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After crashing out of the sport, loneliness lingers

Editor’s note: The following is a companion story to a feature in Velo magazine’s “Danger Issue,” which chronicles the crashes of five riders and their various tribulations, either to make it back to the sport, or back to life. As you’ll see, this story takes a look at what happens when riders don’t make it back. If you want to read the full print feature, pick up a copy of the magazine, which is out now.

BOULDER, Colorado (VN) — A wobble. An inch. A broken back, busted teeth, blood pooling, on the road and in the skull. Femurs snapped like toothpicks under a heavy thumb. Cringe.

The physical atrocities of severe bike crashes are tangible, stomach-turning. This is the cost of pinning on a number, of doing business and fighting for a living in a sport where the only protections are tights and Styrofoam buckets.

There’s another side to all the replays, the photos, the triumphant returns. After riders crash out of bike racing, there’s a loneliness that descends, wrapping its chilly fingers around daily life, squeezing riders who were once part of the peloton’s very chain. Sometimes, the things and the people that were there before fade away, along with the prospect of racing a bike again. Cycling, from the top down, is an identity sport — how many recreational riders define themselves as cyclists? Plenty.

From this side, the sport is much different. It has a way of forgetting its casualties, perhaps out of necessity to keep pedaling, heads down, into the wind. This melancholy reality of quitting the sport and walking into unknown futures is an incalculable cost, and sometimes it hurts much more than broken bones ever could.

Tara Llanes

In the six months after she creased her back in the final event of the 2007 Jeep King of the Mountain gravity race, Tara Llanes went to physical therapy three to four times a week in her native Southern California, hoping for her nerves to fire again, to be able to walk. For an elite-level athlete, the work is the easiest part; it’s the space between efforts that’s enough to swallow someone whole.

“The time that I was spending at home was really hard. I felt like I didn’t see too many of my friends. It was the hardest time,” she said. “I felt so isolated. I couldn’t drive yet. If I needed to go anywhere, I needed my mom or a friend of mine.”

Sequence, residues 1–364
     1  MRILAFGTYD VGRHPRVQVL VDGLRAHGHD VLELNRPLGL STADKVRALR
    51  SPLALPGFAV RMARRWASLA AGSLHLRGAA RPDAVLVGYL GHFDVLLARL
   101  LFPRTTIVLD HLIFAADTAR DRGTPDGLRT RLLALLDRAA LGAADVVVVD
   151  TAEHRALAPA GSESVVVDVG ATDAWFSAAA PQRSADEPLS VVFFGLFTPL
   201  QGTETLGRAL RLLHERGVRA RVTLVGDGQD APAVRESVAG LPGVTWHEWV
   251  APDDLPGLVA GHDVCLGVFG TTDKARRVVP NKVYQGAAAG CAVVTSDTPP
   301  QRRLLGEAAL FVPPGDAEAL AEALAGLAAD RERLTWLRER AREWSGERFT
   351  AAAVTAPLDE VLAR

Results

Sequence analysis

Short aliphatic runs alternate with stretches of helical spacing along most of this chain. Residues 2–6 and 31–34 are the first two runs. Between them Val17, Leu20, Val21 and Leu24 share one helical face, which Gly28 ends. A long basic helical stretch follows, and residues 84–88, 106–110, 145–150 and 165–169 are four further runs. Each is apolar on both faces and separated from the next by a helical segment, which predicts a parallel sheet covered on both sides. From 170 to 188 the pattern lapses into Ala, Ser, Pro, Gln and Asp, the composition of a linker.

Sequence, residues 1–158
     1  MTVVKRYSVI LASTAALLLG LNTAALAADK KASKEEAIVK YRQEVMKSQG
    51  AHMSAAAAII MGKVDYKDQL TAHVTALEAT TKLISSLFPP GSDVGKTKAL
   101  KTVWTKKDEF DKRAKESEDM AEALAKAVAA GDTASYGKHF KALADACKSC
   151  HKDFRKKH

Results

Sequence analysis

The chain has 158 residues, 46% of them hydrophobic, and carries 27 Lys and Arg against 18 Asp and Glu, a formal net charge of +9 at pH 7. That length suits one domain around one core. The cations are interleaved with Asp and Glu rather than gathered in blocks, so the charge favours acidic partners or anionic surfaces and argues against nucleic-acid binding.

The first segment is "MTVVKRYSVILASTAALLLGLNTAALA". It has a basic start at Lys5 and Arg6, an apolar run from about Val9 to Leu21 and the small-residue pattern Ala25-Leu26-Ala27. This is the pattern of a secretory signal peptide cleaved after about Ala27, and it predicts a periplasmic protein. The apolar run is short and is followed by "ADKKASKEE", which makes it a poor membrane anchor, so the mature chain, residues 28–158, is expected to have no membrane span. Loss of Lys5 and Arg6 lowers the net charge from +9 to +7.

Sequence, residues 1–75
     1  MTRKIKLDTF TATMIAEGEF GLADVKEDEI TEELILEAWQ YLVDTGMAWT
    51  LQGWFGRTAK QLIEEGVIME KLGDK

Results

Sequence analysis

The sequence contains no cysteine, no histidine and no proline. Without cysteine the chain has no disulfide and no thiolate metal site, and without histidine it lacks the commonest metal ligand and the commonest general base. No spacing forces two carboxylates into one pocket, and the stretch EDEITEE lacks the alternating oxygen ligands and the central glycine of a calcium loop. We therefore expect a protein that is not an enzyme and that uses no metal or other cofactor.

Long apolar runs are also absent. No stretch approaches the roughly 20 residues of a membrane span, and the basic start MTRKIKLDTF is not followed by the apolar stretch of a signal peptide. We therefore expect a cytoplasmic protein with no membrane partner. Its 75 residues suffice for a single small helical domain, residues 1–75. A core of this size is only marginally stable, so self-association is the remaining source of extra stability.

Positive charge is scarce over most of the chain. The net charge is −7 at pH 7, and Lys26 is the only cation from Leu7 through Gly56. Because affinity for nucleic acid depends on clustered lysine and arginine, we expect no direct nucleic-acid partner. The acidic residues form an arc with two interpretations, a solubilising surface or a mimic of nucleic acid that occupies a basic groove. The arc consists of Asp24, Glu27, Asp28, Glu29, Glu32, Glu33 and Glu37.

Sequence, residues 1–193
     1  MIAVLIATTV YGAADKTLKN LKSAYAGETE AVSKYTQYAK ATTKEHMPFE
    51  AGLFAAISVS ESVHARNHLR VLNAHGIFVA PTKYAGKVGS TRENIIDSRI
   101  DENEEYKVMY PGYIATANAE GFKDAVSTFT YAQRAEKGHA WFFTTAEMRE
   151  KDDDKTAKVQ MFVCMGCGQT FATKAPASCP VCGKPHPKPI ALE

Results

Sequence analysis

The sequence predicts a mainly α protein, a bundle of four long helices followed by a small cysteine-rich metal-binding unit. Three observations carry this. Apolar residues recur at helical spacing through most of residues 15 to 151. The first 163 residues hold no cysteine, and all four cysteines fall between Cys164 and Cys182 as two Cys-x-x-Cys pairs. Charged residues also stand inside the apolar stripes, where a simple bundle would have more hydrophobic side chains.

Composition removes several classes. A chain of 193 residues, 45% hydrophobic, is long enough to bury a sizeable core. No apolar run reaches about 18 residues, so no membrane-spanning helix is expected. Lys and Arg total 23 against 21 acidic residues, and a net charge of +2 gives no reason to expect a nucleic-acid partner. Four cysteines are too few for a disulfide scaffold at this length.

Her mom lived only a short distance away, but it happened to be up a massive hill, and that’s no small feat for someone in a wheel chair, no matter how strong she is. “It wasn’t like I could just go out the door and roll down the street,” Llanes said.

She’d wheel down the street, a far sight from the athlete she once was, but with the same heart, the same mind. People just couldn’t see that much.

“I see it in their face,” she said. “When I’m going down the sidewalk they’re kind of looking at me as if don’t know whether to keep looking or not look.”

Llanes, 35, ended up splitting up with her partner after the crash, and wondered what would come next, if she’d be alone.

“Am I ever going to date? Is anybody ever going to want to date me?” she asked. “Your whole life — it’s amazing to me just how much standing does for your body. It’s absolutely unreal to me. It seems like something so simple that everybody does. And because I can’t do it right now, it makes so many things in life challenging.

“I thought, ‘am I going to be some crazy chick living at my mom’s house 15 years from now?’”

It’s been five years since her crash. She still cannot walk. But the industry has stuck with her and she with it. She now works for Pearl Izumi as a rep, and the companies she was riding for at the time of the accident didn’t run away, either. Llanes has gotten married to a woman she used to compete with, Elladee Brown. She’s not alone, not even close, but there are still moments that creep up on her, sitting in a car, watching a group of riders wheel past her in her new home in North Vancouver.

“I feel mad about what happened. I don’t resent cycling. I don’t resent mountain biking at all. It was an accident. It wasn’t something that anybody did. I’m certainly not mad about cycling. I love cycling — that’s what I want to do the most, out of anything in the entire world.”

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